Its time to say goodbye. As of March 12, IBM will cease to offer the OS/2 Operating System.
The tea leaves have been there to read since the middle of last year, when IBMs “OS/2 Strategy for 2002” document contained a key piece of advice under its fourth subhead, “What are IBMs recommendations?” Three sentences and a bullet list later, one finds the disarming suggestion to “deploy new e-business technology applications concurrently with existing OS/2 applications until platform neutrality has been achieved and then change the operating system.”
Im irresistibly reminded of Napoleons Moscow strategy: Having invested huge resources in what turns out to be an empty conquest, IBMs goal is now to get home without losing what remains.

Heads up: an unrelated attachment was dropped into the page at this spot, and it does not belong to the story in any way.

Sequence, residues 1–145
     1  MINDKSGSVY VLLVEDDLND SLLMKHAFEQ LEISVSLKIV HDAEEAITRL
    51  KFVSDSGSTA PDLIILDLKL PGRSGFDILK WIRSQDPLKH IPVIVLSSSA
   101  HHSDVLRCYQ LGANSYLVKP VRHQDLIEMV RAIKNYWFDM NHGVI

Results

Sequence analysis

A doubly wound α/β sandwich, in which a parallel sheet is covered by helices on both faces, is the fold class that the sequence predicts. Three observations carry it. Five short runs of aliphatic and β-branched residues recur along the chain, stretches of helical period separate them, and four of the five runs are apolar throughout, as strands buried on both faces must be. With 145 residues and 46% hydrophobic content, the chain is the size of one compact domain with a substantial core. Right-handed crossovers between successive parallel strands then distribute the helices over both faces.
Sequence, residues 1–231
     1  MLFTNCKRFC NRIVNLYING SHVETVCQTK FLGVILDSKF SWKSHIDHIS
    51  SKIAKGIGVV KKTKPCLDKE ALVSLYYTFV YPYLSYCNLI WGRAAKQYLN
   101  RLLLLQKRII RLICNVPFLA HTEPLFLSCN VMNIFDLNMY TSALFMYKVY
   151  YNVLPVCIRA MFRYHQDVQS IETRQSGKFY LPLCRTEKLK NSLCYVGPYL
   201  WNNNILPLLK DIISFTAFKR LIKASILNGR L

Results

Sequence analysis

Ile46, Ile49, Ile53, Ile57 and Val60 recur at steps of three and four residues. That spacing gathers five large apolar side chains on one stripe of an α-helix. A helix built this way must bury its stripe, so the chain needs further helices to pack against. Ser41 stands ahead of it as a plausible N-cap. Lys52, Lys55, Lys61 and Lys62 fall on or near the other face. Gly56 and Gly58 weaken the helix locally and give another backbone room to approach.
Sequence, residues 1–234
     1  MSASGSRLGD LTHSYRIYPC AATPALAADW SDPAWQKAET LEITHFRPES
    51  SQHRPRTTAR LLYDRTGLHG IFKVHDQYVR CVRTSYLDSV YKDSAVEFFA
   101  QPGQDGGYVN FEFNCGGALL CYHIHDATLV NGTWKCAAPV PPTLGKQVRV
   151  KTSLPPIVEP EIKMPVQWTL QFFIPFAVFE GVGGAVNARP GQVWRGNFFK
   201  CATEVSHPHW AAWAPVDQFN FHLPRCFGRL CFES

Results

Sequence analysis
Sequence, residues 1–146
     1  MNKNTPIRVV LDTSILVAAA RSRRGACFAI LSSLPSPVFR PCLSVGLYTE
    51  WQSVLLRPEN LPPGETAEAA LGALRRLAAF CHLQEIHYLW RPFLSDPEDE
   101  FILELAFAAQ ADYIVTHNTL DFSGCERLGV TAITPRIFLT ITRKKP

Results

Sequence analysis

Id like to share two memories of my life with OS/2. First, I remember being told that my review of OS/2 Warp 3 would be the epitaph for the product. I said IBM had failed to lower sufficiently the risk of giving Warp a try. I noted that a failed installation attempt could leave a user with an unbootable machine and that only successful installation would put the user in a position to produce uninstall disks. Take-away No. 1: If youre only incrementally better than the competition, prospective customers have to be sure youll do them no harm.
Second, I remember writing the column about my personal move from OS/2 to Windows NT—driven, as I told readers, by the fact that first-rate development tools were burgeoning for NT but moribund for OS/2. Take-away No. 2: If developers dont love you, users will never even get to try you.